By KRISTINE GOODRICH, Faribault Daily News Jan 14, 2024 Community Action Center has received state…
NORTHFIELD, Minn. — There’s a new housing development that is turning heads in a small Minnesota town. Northfield, Minnesota is home to about 20,000 people, and it’s tackling climate change and affordable housing in one cutting-edge project.
Katya Block has lived in her Northfield townhome for nearly a year. She found her spot at just the right time, and at the right price.
“I was actually kind of homeless at the time with my son,” Block said.
Hillcrest Village is a mix of affordable, subsidized and free emergency housing. It’s designed to be not only affordable but fully electric, with a “Net Zero Energy” distinction. They say they’re the first in the nation to pull it off for this type of housing.
Scott Wopata is the executive director at the Community Action Center, a basic needs organization that wanted to serve the community in a new way.
“It’s a small enough town that we all know each other, and yet it’s large enough that we experience the same challenges everybody else does with affordable housing, homelessness, climate change. And so the project was this idea of what if we took the time to try to do something about these impossible dilemmas,” Wopata said.
“When I heard about the project, that it was something different, that it’s energy-efficient, that it helps our climate, that’s everything,” Block said.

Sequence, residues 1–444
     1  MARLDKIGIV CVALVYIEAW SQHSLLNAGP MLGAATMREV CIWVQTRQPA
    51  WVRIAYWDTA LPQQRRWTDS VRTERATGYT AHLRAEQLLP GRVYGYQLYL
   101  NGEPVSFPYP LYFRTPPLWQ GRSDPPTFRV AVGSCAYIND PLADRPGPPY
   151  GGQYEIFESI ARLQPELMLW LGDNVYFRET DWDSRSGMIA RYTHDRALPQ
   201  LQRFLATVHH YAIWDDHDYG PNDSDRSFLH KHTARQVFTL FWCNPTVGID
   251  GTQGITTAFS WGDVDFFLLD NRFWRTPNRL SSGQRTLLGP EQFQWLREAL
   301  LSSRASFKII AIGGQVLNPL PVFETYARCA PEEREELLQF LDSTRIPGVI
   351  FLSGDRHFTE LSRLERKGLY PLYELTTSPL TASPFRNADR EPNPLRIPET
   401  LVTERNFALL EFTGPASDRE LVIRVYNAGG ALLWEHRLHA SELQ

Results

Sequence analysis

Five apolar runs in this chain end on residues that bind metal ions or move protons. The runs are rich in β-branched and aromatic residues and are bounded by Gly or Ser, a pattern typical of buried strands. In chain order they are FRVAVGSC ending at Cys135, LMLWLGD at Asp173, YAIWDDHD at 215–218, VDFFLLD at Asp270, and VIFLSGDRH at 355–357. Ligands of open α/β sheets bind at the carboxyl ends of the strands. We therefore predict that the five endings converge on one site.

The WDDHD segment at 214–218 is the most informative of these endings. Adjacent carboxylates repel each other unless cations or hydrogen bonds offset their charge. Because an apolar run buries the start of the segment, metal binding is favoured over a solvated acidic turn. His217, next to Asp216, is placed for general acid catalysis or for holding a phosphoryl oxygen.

Eventually, the plot of land will become a field of solar panels so that all the utilities there are provided by on-site renewables. Each tenant will pay $20 per month for all electric and heat.
“All the income goes back to make sure there’s emergency housing options on-site, to make sure we’re also addressing homelessness in one diverse community,” Wopata said.
The team brought three local builders together to incorporate heat pumps, tight seals throughout the house, and double thick walls with double the insulation. The homes use 62% less energy compared to other new, high-quality units out there.
The cost to build 17 units was about $5.25 million. It cost around 8% more to build it above code for energy efficiency, but they say they got 5% of the extra cost back in a $250,000 rebate from Xcel Energy, tackling two huge community issues in one tiny cul de sac.
The Community Action Center is working with other communities around the state to share the lessons they learned. They mentioned groups in Rochester are particularly interested in this type of project.